The Private Debt Project (this website will become active as of December 2015) invites proposals for articles, papers, and research notes related to the study of private debt and its relationship to economic growth and financial stability. The Project will provide honorarium for all published work. In cases involving papers with original research, it will also consider small research grants to help cover the cost of the research.
Commissioned articles, papers, and research notes will be published on The Private Debt Project’s on-line journal and will be disseminated to a wide audience of academics, policy experts, government officials, investors, and business leaders.
The Friends Provident Foundation has just established a Fellowship for UK journalism to produce a “a significant work of long form journalism in any medium on the theme of building resilient economies.”
I’ve copied the full press release below. For further details, click on this link. The full press release is copied below.
Journalist Fellowship 2016
The Foundation’s trustees have created a journalist fellowship to build a better understanding of economics in the wider public by working with a leading journalist to create a significant work of long form journalism in any medium on the theme of building resilient economies.
Becoming an Economist is the introductory course on economics for undergraduates at Kingston University. This is the first of 11 lectures in the subject; I’ll post the others as I write them over the next few months. This lecture discusses why economists disagree with each other, and draws analogies with astronomy at the time when Galileo discovered craters on the Moon, and moons orbiting Jupiter and Saturn.
This is the Powerpoint file for the lecture, which includes links to the Youtube videos used in this lecture:
One of the people I miss talking with in Australia is radio journalist and tech and internet expert Phil Dobbie. Fortunately there’s Skype, and we regularly now chat matters economic on his internet radio show Balls Radio. Here’s the latest complete program, including our discussion of why interest rates are so low and are not going to move up until the level of private debt falls dramatically–which is unlikely to happen.
One of the very enjoyable aspects of being in London is speaking regularly with Simon Rose on the business-oriented internet radio Share Radio. I know I can talk under wet cement; I think Simon could manage to talk after it had set solid. We have a great time bantering about topics economics, and I hope it’s of interest to the audience as well. Here’s the latest installment, with some earlier ones available here.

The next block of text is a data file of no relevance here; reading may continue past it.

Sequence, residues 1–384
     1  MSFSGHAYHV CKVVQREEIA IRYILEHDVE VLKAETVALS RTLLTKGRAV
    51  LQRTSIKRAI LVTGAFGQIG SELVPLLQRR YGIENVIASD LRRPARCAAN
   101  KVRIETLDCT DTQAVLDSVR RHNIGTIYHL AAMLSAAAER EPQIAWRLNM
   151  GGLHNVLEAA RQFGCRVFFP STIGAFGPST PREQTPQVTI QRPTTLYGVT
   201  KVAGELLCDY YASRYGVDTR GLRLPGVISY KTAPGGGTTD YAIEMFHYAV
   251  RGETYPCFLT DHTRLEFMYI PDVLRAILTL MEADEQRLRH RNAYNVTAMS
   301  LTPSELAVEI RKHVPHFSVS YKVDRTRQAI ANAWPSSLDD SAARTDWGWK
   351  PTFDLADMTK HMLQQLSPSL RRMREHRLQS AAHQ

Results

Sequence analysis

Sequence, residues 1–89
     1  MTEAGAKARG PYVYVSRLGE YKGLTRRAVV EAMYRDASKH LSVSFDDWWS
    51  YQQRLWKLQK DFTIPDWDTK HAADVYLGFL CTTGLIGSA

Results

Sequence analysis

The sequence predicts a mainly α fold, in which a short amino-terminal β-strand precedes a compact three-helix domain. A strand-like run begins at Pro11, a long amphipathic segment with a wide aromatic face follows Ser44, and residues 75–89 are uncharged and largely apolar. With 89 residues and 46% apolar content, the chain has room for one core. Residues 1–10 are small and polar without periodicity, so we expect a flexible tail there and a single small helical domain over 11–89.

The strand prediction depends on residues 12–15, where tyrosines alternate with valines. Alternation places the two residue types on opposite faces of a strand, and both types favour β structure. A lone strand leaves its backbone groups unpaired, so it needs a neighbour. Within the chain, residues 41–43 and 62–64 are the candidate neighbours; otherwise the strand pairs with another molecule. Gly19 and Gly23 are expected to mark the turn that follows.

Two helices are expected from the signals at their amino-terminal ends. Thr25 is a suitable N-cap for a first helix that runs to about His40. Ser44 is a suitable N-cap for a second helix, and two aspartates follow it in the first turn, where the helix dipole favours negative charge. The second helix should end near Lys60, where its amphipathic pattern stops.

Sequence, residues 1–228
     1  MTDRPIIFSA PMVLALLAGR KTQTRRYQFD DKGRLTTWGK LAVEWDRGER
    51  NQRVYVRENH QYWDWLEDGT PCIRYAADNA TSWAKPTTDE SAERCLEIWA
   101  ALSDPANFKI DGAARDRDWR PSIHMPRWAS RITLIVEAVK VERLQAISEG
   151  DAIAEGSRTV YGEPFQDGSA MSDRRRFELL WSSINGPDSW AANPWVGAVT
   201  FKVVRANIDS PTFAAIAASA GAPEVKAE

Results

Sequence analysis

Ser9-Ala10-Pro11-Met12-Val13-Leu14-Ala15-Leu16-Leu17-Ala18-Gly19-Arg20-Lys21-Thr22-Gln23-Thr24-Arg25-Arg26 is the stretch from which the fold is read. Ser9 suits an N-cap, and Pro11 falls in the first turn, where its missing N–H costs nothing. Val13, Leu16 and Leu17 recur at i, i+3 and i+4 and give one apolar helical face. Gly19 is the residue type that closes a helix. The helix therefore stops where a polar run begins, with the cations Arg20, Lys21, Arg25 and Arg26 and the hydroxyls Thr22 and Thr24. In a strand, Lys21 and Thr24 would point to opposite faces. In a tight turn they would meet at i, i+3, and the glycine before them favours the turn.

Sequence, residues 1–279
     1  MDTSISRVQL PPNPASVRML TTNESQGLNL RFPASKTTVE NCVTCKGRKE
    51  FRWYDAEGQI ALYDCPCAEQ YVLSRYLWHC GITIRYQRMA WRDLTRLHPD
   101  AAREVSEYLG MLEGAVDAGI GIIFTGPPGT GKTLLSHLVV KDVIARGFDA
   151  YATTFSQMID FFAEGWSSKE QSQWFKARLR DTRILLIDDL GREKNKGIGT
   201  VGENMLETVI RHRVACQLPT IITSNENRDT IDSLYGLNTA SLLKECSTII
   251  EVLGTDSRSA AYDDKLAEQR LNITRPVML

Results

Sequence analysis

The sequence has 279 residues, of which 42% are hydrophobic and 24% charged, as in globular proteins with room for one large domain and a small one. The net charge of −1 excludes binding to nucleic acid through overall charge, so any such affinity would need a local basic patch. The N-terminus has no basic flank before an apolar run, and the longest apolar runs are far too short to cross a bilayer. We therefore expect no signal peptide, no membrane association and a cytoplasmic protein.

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For seven years now, the rate The Fed sets to determine the price banks pay to borrow from it and from each other has been zero, or so close to zero that the difference is immaterial. This is, historically speaking, not normal, and The Fed has a desperate desire to return to what is normal, which is rate a few per cent above the rate of inflation (see Figure 1).
This is the brief talk I gave at a conference celebrating 25 years of the Critical Realist seminar series at Cambridge University. Critical realists argue against the use of mathematics in economics; I argue here that it’s the abuse of mathematics by Neoclassical economists–who practice what I have dubbed “Mythematics” rather than Mathematics–and that some phenomena are uncovered by mathematical logic that can’t be discovered by verbal logic alone. I give the example of my own model of Minsky’s Financial Instability Hypothesis, which revealed the possibility of a “Great Moderation” preceding a “Great Recession” before either event had happened.
There was a time when most educated people knew that the Earth was the center of the universe. There was a sophisticated “Geocentric” model, known as the “Ptolemaic system”, that predicted to very high accuracy the observed movement of all the objects in the Heavens, as they purportedly orbited the Earth on perfect crystalline spheres. 500 years ago, anyone who proposed an alternative model—in which the Sun was the center and the Earth was just another planet orbiting it—was derided as a heretic and a madman.
This is a talk I gave to undergraduate students at Cartanega University in Colombia last week, comparing the insistence on equilibrium modelling by economists to the bad habit of smoking.
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